Arbitrage Theory in Continuous Time (4th edition)

ISBN : 9780198851615

Tomas Bjoerk
592 ページ
153 x 153 mm
Oxford Finance Series

The fourth edition of this widely used textbook on pricing and hedging of financial derivatives now also includes dynamic equilibrium theory and continues to combine sound mathematical principles with economic applications. Concentrating on the probabilistic theory of continuous time arbitrage pricing of financial derivatives, including stochastic optimal control theory and optimal stopping theory, Arbitrage Theory in Continuous Time is designed for graduate students in economics and mathematics, and combines the necessary mathematical background with a solid economic focus. It includes a solved example for every new technique presented, contains numerous exercises, and suggests further reading in each chapter. All concepts and ideas are discussed, not only from a mathematics point of view, but with lots of intuitive economic arguments. In the substantially extended fourth edition Tomas Bjoerk has added completely new chapters on incomplete markets, treating such topics as the Esscher transform, the minimal martingale measure, f-divergences, optimal investment theory for incomplete markets, and good deal bounds. This edition includes an entirely new section presenting dynamic equilibrium theory, covering unit net supply endowments models and the Cox-Ingersoll-Ross equilibrium factor model. Providing two full treatments of arbitrage theory-the classical delta hedging approach and the modern martingale approach-this book is written so that these approaches can be studied independently of each other, thus providing the less mathematically-oriented reader with a self-contained introduction to arbitrage theory and equilibrium theory, while at the same time allowing the more advanced student to see the full theory in action. This textbook is a natural choice for graduate students and advanced undergraduates studying finance and an invaluable introduction to mathematical finance for mathematicians and professionals in the market.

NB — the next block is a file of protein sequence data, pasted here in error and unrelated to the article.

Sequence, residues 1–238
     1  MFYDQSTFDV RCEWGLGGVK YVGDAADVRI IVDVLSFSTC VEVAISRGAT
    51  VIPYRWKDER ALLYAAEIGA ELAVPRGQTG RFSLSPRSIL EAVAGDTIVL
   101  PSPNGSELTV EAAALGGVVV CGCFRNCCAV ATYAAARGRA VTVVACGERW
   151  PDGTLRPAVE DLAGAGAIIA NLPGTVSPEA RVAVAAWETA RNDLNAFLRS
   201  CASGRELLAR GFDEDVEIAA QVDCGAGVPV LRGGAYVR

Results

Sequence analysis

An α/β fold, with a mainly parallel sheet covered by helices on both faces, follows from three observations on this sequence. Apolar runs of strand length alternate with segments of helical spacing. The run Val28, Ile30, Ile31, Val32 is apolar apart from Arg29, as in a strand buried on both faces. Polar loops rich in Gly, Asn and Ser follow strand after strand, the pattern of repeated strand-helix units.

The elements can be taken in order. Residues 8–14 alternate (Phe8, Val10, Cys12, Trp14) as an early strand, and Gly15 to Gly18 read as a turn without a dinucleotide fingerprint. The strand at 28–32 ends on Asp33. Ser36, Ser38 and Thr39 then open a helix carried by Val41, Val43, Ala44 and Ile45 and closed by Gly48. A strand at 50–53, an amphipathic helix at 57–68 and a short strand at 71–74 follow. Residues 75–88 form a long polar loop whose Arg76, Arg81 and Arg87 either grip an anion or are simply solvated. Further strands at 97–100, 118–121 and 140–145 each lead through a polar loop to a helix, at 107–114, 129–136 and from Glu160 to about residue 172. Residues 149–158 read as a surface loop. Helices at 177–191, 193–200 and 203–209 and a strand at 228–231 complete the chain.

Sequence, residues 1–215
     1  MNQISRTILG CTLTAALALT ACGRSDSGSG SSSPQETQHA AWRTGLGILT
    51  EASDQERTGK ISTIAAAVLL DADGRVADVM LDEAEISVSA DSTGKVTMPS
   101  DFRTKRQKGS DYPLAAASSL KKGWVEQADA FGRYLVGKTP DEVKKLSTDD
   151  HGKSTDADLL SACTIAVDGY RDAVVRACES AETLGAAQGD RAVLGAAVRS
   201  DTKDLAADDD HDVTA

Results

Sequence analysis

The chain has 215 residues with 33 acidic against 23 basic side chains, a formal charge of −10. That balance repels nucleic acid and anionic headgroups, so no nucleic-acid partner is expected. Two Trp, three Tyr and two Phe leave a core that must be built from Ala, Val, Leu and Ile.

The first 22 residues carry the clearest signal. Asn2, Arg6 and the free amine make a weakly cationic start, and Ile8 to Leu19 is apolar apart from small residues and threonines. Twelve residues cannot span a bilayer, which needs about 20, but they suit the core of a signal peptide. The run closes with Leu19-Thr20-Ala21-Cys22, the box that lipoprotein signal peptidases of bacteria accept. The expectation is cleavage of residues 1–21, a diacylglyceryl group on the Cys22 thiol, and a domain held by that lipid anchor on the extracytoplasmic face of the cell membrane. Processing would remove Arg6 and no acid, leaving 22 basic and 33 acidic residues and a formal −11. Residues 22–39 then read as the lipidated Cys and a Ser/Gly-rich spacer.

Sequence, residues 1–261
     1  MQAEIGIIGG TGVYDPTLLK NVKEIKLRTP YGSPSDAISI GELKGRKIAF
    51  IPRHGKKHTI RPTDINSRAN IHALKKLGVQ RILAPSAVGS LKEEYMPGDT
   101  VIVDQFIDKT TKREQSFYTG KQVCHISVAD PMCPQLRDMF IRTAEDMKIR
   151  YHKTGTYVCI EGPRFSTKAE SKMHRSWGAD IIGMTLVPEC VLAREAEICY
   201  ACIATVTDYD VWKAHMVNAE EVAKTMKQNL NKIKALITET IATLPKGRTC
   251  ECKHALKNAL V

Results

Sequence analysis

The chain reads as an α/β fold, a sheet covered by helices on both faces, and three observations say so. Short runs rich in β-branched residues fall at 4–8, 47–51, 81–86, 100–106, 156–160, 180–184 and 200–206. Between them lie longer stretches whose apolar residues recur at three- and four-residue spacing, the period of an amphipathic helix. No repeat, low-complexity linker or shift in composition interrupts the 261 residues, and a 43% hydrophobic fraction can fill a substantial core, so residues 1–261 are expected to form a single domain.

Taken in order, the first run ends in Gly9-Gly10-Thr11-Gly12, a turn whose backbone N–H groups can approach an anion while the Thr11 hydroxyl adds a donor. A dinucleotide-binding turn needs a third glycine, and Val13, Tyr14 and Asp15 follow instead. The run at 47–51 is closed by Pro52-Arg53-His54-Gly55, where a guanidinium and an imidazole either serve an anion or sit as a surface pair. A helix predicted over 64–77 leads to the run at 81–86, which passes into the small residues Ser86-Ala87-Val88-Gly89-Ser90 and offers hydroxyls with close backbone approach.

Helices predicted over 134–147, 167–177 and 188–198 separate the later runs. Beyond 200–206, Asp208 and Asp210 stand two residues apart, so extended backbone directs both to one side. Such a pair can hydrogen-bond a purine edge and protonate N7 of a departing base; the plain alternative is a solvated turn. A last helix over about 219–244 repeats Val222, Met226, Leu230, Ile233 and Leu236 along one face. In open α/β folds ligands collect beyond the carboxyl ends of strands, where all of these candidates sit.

1 Introduction
I. Discrete Time Models
2 The Binomial Model
3 A More General One period Model
II. Stochastic Calculus
4 Stochastic Integrals
5 Stochastic Differential Equations
III. Arbitrage Theory
6 Portfolio Dynamics
7 Arbitrage Pricing
8 Completeness and Hedging
9 A Primer on Incomplete Markets
10 Parity Relations and Delta Hedging
11 The Martingale Approach to Arbitrage Theory
12 The Mathematics of the Martingale Approach
13 Black-Scholes from a Martingale Point of View
14 Multidimensional Models: Martingale Approach
15 Change of Numeraire
16 Dividends
17 Forward and Futures Contracts
18 Currency Derivatives
19 Bonds and Interest Rates
20 Short Rate Models
21 Martingale Models for the Short Rate
22 Forward Rate Models
23 LIBOR Market Models
24 Potentials and Positive Interest
IV. Optimal Control and Investment Theory
25 Stochastic Optimal Control
26 Optimal Consumption and Investment
27 The Martingale Approach to Optimal Investment
28 Optimal Stopping Theory and American Options
V. Incomplete Markets
29 Incomplete Markets
30 The Esscher Transform and the Minimal Martingale Measure
31 Minimizing f-divergence
32 Portfolio Optimization in Incomplete Markets
33 Utility Indifference Pricing and Other Topics
34 Good Deal Bounds
VI. Dynamic Equilibrium Theory
35 Equilibrium Theory: A Simple Production Model
36 The Cox-Ingersoll-Ross Factor Model
37 The Cox-Ingersoll-Ross Interest Rate Model
38 Endowment Equilibrium: Unit Net Supply


Tomas Bjork is Professor Emeritus of Mathematical Finance at the Stockholm School of Economics. He has previously worked at the Mathematics Department of the Royal Institute of Technology, also in Stockholm. Tomas Bjork has been president of the Bachelier Finance Society, co-editor of Mathematical Finance, and has been on the editorial board for Finance and Stochastics and other journals. He has published numerous journal articles on mathematical finance, and in particular is known for his research on point process driven forward rate models, consistent forward rate curves, general interest rate theory, finite dimensional realisations of infinite dimensional SDEs, good deal bounds, and time inconsistent control theory.